Here are a few pictures and notes on my sharpening process.
Many of you know a great deal more than I about sharpening sawblades but I thought I would document my process and see if anyone has any pointers for improvement.
Here is my set up.
I made my vise out of a couple of 2×8 yellow pine and beveled the top edge to make it narrow and allow me to get closer to the blade for filing. I checked for a slight bow in the wood so when the two boards are placed together the ends touch and there is a slight gap between the board in the middle. That allows me to clamp in a vise at the center and know that the outer ends will also grip the blade tight. I add the extra clamps at the ends when working on long blades because it isn’t tight enough at the ends and will vibrate.
What I like best about this set up is that I can clamp the entire blade and not have to move it along through a short vise. I have a bright light clamped above and shining on the work space. The light is very important to me and I also use a magnifying glass.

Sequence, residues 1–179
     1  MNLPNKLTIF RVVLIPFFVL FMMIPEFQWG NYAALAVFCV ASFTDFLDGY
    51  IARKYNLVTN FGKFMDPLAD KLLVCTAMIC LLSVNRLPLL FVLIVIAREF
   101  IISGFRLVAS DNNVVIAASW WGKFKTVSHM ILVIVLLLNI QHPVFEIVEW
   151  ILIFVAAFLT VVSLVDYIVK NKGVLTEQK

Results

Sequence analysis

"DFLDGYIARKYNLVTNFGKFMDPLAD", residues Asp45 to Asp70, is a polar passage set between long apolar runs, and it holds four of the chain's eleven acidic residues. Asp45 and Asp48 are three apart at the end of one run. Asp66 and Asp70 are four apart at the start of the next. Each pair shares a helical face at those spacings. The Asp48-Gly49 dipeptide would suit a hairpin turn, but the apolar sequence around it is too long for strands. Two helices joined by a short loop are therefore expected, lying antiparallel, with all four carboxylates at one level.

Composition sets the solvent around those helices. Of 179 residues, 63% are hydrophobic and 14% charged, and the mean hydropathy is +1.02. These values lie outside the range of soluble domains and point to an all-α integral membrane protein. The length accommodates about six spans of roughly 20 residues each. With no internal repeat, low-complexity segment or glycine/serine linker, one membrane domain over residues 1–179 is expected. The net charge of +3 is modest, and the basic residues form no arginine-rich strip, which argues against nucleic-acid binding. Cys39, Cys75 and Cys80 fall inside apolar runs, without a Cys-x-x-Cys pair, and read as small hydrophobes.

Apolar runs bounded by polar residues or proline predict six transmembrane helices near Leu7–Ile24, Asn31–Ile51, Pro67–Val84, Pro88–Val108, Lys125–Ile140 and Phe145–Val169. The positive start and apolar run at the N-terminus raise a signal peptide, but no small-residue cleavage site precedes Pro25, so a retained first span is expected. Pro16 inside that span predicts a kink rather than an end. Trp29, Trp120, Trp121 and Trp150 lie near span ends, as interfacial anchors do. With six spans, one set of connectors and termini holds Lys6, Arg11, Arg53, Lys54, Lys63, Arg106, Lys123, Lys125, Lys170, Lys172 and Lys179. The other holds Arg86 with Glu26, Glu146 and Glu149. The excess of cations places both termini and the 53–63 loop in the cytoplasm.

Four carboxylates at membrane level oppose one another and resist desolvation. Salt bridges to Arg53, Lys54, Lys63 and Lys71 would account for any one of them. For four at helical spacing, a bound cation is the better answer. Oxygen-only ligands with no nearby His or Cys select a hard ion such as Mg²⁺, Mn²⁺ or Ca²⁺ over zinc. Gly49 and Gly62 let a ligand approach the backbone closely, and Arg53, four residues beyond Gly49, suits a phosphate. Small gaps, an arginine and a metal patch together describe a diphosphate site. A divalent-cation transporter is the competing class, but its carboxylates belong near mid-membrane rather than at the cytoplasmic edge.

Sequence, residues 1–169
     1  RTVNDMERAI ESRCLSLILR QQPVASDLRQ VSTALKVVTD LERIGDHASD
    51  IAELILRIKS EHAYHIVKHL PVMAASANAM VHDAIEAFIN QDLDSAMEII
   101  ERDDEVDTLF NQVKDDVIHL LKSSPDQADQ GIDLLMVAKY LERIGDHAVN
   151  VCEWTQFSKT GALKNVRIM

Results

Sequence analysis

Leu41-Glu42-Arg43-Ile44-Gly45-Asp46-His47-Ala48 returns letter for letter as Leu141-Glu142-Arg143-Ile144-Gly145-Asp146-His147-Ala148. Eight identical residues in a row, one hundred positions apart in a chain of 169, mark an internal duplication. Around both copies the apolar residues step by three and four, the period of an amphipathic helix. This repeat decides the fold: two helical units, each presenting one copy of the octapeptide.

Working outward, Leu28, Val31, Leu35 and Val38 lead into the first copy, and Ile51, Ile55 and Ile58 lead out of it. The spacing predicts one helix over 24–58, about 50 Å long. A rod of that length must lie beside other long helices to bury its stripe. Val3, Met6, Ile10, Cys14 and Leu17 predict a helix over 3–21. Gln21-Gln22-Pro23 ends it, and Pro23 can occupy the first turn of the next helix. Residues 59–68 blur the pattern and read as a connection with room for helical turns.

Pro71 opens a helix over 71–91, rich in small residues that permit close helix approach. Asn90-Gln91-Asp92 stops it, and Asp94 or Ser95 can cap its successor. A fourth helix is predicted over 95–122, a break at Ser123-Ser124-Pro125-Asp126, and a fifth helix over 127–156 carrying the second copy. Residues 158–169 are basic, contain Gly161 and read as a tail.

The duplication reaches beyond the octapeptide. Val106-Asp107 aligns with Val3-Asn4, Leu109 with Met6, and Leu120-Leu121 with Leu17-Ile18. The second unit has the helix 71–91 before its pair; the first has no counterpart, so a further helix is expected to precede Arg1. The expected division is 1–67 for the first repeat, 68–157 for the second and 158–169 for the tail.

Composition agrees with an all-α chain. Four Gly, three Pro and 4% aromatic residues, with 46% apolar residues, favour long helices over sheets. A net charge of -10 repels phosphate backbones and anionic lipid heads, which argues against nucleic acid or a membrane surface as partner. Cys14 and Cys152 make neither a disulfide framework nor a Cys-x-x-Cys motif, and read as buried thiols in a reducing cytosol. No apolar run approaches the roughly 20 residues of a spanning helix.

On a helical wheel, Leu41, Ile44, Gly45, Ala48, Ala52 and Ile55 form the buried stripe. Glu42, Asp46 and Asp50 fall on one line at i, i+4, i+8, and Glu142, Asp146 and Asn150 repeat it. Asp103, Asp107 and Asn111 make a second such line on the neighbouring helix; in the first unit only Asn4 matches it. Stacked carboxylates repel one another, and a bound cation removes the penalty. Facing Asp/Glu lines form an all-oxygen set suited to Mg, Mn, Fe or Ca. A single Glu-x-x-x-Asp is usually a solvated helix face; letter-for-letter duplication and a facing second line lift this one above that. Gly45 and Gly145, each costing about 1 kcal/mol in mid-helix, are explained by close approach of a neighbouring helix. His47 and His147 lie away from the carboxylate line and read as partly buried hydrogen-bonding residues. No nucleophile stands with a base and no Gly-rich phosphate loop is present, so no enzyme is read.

All the methods I use are found in the Saw Sharpening Treatise here
Rather than just using my normal angles for rake and fleam I checked the saw to see how it had been sharpened. I found it to be 11-degree rake and 20-degree fleam angles. The little block of hardwood attached to the end of the file helps to guide the rake angle and the adjustable square laying on the bench gives me a visual of the fleam angle.
This was one of my easier sharpening projects. The teeth were very even and mostly I just touched them up and filed the rust off. Just two strokes per tooth.
This saw also has a very slight arc (3/32”) in the cutting side of the plate. I think this is the way it was made originally.
I really enjoy this part of restoring a saw.
One thing I am still not sure about is fine tuning. I have one little back-saw I sharpened that wants to wonder off square as you cut. I don’t think it is user error because I can cut very straight and square with a different saw.
The other thing I am curious about is custom sharpening based on how a saw is used. What angles are best and why. Some saws even have teeth that change from toe to heal.
-- Being focused on a project is the best meditation, it allows you to live in the moment"